With all the efforts out there to get women into hunting, I was surprised to learn this morning that some states have regulations that can keep women out. Check out this excerpt from a story today by Shannon Tompkins in The Houston Chronicle:
Texas is one of only 14 states where bowhunters are limited to using bows that have a minimum peak draw weight of 40 pounds; all other states with archery-only hunting seasons have lower or no minimum draw weights.The story, which is about Texas considering a change in this regulation, goes on to say that bow technology has improved to the point that you don't necessarily need a 40-pound draw weight for an effective shot.
That 40-pound draw weight — basically, like lifting a 40-pound sack of sand with two fingers — was designed to limit archers to using only bows that wildlife managers figured produced enough arrow velocity and energy to be effective on white-tailed deer.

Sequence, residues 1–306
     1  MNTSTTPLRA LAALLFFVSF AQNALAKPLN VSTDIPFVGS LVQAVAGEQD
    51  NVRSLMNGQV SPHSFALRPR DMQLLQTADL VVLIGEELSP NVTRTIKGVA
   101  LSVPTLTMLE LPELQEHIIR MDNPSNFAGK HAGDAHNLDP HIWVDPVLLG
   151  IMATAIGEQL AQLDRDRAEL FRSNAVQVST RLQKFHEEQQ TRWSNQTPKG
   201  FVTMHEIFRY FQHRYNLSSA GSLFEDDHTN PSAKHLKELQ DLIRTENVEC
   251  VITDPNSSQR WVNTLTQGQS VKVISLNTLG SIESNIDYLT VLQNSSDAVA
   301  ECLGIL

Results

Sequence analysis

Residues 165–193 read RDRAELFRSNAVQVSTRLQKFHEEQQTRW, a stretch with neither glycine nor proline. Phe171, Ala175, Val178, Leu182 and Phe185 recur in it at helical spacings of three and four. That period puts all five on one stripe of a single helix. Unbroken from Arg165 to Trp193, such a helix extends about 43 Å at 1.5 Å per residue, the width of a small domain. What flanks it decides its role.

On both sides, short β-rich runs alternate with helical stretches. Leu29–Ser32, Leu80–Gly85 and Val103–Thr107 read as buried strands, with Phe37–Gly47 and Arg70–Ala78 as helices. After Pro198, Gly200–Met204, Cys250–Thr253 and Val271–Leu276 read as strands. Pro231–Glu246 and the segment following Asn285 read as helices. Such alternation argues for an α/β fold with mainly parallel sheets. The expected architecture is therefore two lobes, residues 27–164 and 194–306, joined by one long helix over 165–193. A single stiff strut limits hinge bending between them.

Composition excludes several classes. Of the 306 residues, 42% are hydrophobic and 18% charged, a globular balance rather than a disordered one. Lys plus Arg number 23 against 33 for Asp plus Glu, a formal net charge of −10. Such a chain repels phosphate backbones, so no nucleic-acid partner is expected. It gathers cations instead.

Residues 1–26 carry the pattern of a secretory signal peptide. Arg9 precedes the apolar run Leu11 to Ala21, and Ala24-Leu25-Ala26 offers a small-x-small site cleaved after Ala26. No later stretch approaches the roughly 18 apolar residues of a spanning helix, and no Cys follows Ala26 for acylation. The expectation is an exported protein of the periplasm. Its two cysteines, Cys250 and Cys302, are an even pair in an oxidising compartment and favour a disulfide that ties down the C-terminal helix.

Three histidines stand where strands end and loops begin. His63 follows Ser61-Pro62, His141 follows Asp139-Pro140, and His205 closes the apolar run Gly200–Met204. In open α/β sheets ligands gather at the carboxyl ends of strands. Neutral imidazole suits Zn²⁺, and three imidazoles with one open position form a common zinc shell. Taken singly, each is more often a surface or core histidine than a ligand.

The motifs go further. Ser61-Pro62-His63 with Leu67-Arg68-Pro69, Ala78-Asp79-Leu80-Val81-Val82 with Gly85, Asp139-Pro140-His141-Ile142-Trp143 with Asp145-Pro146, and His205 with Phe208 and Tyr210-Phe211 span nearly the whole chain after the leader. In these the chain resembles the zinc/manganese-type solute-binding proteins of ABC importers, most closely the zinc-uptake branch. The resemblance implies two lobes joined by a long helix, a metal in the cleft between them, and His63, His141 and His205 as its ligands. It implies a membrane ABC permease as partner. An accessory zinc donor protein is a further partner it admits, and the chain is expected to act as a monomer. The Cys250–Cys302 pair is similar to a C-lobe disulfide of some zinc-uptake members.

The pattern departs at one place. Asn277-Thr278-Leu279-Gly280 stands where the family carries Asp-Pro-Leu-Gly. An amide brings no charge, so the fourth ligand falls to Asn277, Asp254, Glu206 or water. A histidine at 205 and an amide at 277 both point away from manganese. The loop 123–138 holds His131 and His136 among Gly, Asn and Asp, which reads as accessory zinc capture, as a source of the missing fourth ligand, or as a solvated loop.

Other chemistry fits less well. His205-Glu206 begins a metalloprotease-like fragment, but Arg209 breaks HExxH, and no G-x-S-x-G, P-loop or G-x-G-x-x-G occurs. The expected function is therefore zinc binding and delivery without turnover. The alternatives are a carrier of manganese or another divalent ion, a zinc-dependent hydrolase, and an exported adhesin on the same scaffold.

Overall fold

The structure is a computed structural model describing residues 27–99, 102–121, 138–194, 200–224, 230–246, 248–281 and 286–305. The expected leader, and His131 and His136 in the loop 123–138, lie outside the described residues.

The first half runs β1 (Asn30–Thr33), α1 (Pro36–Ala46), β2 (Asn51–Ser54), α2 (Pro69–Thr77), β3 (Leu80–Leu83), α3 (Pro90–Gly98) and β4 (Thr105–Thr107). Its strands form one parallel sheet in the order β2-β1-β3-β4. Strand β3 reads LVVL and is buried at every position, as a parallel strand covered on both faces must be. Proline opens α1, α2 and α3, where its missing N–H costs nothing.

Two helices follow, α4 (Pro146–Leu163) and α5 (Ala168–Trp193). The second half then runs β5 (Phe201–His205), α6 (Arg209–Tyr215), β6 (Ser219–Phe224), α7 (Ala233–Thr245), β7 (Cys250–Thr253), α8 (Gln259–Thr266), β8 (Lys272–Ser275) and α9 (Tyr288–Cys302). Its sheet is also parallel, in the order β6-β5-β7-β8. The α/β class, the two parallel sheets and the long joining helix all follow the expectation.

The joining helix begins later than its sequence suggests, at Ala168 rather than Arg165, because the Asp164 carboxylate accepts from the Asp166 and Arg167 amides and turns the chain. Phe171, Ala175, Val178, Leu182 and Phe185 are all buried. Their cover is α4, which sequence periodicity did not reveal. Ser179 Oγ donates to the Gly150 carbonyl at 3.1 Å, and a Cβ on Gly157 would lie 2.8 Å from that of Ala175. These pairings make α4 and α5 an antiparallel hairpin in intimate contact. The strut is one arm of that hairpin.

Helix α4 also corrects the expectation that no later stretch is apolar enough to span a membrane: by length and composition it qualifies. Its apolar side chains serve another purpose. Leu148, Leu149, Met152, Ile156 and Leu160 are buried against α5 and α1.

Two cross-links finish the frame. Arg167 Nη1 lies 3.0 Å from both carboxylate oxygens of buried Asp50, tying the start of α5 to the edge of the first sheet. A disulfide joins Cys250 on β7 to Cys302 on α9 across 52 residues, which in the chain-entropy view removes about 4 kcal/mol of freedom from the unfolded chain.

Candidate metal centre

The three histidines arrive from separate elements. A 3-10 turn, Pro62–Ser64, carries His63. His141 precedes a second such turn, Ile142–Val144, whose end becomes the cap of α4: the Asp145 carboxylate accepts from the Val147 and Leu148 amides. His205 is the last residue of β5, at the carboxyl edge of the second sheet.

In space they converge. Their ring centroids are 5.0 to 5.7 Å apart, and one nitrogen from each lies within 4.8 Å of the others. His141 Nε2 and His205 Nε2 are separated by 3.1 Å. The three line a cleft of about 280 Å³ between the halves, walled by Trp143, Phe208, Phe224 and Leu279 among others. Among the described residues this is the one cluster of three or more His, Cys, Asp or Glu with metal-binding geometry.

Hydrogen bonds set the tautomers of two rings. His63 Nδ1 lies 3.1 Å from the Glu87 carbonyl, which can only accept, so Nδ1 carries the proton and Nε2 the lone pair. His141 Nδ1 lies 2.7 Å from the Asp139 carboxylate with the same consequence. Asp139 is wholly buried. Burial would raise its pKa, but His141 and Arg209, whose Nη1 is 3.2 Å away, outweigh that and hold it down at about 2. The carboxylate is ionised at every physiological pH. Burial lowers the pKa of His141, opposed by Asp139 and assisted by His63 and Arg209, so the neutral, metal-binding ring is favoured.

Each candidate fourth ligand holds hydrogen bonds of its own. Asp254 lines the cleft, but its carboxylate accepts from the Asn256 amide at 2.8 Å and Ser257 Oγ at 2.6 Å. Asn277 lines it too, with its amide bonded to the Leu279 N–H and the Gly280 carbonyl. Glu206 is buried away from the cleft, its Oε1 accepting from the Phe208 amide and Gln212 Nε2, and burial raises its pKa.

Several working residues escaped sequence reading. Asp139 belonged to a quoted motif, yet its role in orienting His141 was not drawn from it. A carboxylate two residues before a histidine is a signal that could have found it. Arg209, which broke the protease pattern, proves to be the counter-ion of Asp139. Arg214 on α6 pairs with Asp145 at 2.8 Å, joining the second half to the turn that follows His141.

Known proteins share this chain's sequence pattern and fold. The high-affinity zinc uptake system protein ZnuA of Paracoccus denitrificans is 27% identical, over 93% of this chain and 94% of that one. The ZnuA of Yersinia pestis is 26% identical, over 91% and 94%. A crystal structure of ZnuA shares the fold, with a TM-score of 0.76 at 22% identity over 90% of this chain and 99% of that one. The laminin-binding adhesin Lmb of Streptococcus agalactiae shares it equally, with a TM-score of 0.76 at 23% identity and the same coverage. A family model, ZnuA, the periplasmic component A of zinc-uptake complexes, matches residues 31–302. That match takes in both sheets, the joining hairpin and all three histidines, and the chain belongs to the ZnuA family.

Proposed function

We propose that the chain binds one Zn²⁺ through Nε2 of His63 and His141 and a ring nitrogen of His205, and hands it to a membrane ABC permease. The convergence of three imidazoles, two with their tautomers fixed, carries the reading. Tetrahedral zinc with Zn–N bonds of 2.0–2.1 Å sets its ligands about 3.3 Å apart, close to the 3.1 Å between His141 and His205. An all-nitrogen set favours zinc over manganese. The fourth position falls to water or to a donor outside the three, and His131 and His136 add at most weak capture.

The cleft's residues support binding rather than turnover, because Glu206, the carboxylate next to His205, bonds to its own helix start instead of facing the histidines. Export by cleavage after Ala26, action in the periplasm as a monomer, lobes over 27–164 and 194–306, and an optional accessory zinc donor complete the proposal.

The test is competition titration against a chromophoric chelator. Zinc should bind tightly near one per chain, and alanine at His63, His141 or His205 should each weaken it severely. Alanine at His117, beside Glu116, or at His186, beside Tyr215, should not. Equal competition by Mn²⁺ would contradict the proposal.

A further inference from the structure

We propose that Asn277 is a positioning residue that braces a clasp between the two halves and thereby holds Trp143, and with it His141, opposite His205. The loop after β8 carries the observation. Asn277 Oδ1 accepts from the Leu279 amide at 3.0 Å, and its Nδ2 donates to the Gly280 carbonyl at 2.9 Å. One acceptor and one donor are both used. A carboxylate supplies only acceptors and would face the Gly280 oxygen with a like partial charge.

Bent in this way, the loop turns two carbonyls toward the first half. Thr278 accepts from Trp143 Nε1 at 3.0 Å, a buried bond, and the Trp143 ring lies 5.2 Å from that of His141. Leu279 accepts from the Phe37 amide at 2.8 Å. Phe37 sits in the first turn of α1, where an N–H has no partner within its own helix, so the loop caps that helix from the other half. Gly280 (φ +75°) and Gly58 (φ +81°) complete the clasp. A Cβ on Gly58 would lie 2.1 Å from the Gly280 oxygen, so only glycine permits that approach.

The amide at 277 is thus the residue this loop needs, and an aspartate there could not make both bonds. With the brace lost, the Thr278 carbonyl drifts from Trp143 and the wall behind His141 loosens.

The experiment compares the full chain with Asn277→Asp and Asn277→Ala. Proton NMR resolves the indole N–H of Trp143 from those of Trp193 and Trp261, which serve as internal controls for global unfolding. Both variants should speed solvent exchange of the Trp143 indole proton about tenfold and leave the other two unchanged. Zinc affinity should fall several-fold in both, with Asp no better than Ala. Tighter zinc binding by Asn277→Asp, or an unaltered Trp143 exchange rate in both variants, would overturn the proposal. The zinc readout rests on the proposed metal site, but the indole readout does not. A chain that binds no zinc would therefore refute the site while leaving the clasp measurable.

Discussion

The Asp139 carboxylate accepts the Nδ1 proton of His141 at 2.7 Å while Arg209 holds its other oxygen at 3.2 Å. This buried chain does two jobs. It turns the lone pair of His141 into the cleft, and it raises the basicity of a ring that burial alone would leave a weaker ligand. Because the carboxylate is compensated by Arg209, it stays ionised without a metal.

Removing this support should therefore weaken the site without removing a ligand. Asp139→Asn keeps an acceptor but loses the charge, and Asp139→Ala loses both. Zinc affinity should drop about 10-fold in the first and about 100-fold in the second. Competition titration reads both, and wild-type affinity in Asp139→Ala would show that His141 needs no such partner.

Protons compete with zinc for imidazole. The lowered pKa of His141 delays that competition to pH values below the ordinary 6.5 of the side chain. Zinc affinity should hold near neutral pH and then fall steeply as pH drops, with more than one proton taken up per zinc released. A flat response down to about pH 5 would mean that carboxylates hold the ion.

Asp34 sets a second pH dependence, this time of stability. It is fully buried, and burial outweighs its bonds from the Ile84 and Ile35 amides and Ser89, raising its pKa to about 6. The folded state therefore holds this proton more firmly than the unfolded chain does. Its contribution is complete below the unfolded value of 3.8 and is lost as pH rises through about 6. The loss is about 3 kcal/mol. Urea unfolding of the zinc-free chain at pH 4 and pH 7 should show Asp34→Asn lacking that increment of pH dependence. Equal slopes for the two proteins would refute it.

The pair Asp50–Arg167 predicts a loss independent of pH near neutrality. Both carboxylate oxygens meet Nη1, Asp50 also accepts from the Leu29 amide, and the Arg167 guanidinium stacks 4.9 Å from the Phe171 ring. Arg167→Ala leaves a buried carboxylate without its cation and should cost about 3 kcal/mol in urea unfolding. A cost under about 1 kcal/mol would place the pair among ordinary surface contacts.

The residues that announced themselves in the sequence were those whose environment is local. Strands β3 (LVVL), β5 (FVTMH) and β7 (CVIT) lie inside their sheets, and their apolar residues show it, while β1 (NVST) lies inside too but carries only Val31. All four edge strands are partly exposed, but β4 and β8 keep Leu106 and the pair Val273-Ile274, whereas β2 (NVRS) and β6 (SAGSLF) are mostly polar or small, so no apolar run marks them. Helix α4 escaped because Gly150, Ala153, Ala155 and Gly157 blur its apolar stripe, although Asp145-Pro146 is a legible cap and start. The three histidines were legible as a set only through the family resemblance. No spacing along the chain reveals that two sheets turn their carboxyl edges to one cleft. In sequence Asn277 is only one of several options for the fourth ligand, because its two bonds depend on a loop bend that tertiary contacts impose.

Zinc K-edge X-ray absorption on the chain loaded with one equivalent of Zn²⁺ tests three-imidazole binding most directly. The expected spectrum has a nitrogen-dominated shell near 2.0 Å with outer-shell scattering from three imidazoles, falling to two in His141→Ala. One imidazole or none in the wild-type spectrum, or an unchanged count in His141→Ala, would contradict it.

And the minimum, which has been in place for decades, applied to equipment used for bowhunting any game animal except squirrel.
But the draw-weight requirement meant a lot of young people and many women were shut out of bowhunting because they didn't have the upper-body strength to draw a 40-pound bow.
I'm not a bowhunter yet (give my huntress sister-in-law a few years to work on me). But if I had to meet a requirement like this, I'm not sure I could.
I'm reasonably strong and fit - hell, I have a black belt in tae kwon do - but my hands just aren't that strong.
When I went to lift this 32-pound salmon I caught on the Sacramento River earlier this year, it was a real struggle, which should be evident by the take-the-dang-picture-already look on my face.
So cheers to Texas for considering a change to the regs!